The Velvet 3557 had a long and convoluted history during its run. It was originally the Venus Velvet, before Venus was bought by Berol, who was eventually bought by Faber-Castell USA. In the mid 1980’s, FCUSA also bought Eberhard Faber, and by 1994 had applied that brand to its pencils rather than the Faber-Castell brand. Finally, the American branch of the Faber-Castell company was gobbled up by Sanford, which eventually merged its numerous pencil brands and product lines into the handful that now compose the Papermate lineup. And that’s the story of how the Velvet 3557 pencil was shuffled around from company to company until it finally went extinct.
But, as luck should have it, I happened upon a lone survivor of the Velvet line. We can deduce from the above timeline that this particular pencil was probably manufactured way back in the late 1980’s or the early 1990’s — almost as old as I am. Is this another vintage classic that fell victim to corporate consolidation? Or was it a weaker species that was doomed to fall to the wayside once natural selection ran its course?
Let’s sharpen it up and see!
The FaberCastell Velvet looks exactly like the classic yellow #2 pencil that came in literally hundreds of different iterations back when I was a kid. The hex-shaped barrel has a cheddar-cheese finish with a navy blue imprint; a pink eraser (because of course) held on by a gold-tinged aluminum ferrule with one navy blue stripe, and a faintly embossed stamp that reads “U.S.A. BONDED” near the tip.
I only have one lonely survivor of the Velvet lineage, but it rolls perfectly, indicating a straight barrel. I can tell from sharpening that the core is fairly off-center. The color, grain, and smell all exude the unmistakable characteristics of cedar. Despite being a relic, it smells awesome. Unfortunately, the wood didn’t really sharpen that well. It seemed quite brittle, and chipped away at the throat of the core, exacerbating the off-center core.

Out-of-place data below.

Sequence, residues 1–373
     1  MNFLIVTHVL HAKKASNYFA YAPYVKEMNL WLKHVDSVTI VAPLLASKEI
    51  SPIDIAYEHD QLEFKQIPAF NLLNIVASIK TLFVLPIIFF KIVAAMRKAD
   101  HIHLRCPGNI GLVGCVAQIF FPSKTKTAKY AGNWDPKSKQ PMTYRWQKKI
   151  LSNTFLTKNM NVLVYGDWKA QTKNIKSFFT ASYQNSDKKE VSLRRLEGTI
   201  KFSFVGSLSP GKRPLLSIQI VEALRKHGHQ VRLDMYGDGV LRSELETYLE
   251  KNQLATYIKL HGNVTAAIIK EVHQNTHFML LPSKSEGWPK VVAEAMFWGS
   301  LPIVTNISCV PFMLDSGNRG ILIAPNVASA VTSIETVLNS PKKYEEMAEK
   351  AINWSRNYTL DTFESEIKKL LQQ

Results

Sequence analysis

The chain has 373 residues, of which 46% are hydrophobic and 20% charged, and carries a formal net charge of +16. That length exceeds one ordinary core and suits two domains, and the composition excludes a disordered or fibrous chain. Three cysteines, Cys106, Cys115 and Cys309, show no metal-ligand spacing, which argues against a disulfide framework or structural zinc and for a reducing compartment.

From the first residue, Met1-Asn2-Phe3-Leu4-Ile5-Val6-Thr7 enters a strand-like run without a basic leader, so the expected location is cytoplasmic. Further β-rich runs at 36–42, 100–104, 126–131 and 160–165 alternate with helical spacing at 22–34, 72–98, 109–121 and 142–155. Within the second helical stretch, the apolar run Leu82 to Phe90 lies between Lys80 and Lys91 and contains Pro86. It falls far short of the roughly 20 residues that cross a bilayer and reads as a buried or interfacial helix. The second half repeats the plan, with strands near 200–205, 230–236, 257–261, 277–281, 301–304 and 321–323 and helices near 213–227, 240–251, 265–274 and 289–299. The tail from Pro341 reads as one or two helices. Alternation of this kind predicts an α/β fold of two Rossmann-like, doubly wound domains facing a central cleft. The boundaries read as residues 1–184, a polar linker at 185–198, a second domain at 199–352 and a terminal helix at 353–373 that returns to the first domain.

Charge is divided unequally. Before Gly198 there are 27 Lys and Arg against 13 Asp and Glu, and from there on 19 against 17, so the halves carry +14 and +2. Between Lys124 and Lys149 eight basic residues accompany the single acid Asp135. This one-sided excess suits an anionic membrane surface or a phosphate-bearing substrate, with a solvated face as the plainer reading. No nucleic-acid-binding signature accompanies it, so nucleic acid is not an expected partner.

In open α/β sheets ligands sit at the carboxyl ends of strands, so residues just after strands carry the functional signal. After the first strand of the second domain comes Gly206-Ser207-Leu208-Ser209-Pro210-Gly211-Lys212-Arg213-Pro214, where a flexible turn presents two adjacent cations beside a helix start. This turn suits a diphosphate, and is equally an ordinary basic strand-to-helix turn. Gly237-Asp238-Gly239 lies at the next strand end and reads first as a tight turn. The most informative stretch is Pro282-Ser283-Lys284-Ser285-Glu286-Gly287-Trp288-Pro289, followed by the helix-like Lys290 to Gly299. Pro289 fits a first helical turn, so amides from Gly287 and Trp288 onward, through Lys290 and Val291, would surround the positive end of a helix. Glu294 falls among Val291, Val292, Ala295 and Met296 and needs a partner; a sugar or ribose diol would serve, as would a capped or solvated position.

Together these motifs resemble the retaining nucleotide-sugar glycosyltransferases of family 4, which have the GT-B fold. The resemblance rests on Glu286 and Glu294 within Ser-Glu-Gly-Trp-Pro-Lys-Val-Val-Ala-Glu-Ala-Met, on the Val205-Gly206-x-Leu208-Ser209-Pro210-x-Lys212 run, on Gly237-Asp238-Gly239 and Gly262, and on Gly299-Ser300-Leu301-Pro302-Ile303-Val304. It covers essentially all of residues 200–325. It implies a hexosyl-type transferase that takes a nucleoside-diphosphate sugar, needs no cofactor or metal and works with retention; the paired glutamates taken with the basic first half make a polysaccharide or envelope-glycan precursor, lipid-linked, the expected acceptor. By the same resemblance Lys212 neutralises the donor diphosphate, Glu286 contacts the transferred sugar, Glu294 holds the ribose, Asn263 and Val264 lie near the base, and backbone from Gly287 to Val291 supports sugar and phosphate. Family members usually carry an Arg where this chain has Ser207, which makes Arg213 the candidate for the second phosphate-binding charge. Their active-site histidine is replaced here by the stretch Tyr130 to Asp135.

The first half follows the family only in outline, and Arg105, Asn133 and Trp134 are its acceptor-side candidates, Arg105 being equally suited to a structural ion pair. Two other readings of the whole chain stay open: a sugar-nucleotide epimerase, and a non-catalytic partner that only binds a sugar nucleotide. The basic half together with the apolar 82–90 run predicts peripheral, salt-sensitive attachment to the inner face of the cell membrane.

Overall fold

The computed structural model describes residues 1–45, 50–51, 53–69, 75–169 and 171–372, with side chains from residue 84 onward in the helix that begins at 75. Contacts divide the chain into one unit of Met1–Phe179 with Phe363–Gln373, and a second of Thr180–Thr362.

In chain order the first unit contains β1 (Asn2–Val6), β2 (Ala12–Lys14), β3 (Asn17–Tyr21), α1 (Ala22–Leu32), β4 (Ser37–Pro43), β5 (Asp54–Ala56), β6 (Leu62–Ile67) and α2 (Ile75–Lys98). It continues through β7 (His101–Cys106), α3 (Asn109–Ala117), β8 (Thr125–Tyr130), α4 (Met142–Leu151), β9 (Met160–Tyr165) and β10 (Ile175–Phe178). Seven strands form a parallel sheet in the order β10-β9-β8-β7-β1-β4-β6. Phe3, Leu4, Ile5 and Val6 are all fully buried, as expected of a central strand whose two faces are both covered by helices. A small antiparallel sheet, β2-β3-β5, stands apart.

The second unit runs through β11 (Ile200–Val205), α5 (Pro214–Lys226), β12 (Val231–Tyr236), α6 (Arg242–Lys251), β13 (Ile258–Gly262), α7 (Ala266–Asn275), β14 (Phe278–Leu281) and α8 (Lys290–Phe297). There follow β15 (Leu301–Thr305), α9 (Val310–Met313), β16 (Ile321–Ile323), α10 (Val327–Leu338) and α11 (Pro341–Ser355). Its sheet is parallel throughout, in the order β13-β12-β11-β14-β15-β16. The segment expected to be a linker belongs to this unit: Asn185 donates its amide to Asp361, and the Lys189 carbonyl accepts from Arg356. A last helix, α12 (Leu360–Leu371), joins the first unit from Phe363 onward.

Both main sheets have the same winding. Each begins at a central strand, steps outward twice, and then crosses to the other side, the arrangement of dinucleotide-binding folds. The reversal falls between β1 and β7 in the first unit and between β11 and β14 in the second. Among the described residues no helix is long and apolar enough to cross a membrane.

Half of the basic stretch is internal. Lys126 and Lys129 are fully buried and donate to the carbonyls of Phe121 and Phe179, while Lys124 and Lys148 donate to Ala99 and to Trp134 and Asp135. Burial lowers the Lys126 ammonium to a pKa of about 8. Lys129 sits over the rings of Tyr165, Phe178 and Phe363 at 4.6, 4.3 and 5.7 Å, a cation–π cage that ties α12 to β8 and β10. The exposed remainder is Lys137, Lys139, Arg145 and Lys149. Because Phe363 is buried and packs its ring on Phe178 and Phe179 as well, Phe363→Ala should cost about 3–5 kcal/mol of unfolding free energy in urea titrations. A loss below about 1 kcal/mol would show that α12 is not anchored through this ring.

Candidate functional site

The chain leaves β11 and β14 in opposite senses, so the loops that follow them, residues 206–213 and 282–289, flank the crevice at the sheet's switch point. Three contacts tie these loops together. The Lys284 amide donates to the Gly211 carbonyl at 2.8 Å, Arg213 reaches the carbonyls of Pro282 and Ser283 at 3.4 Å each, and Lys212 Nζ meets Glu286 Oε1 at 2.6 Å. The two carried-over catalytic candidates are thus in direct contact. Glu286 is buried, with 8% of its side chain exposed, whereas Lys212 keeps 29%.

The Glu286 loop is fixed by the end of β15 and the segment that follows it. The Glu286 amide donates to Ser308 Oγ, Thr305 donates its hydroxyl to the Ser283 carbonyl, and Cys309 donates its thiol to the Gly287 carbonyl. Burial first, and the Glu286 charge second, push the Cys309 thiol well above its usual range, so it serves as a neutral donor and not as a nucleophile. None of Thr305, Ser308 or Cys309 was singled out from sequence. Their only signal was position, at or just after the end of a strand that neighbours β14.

The good news is that despite not having much wood to hang onto, the point seemed to stick to the casing fine.
Having sharpened this bad boy up, I eagerly went to write with it….and….I was expecting more.
The Velvet 3557 writes about like a modern #2 pencil, or harder. It’s a little bit scratchy. The line is about the same shade as a typical HB pencil; maybe even a little fainter. It holds up to a smudge pretty good — better than the General’s Supreme, even. The point retention seems pretty awesome. I try to avoid the H side of the HB scale like the plague so I’m going out on a limb here, but I’d almost say it feels more like a grade F or H pencil.
The eraser is rock hard, but what do you expect? It’s at least twenty-five years old. A Pentel Hi-Polymer eraser gets rid of the mark with ease, though.
Honestly, I was not blown away by the FaberCastell Velvet. The assumption going into this review was, “they don’t make ’em like they used to!” Globalization, smart-everything, and the like supposedly ended the glory days when every pencil was awesome. Pre-NAFTA pencils should, therefore, be great. This version of the velvet, though, is nothing special. The wood is brittle, the core is centered okay-ish, and it writes hard and scratchy for its grade. It’s not bad, but if anyone longs for the return of the late-80’s Velvet, it’s probably got more to do with nostalgia than actual writing quality. I hate to say it, but when it was time for Sanford to cull the herd, maybe it wasn’t a bad thing that the Velvet didn’t make the cut. Don’t drop your life savings on a case of these off ebay.
But don’t worry. I’ve got a whole stash of vintage pencils to burn through. Perhaps there will be a hidden gem whose performance outweighs the nostalgia factor!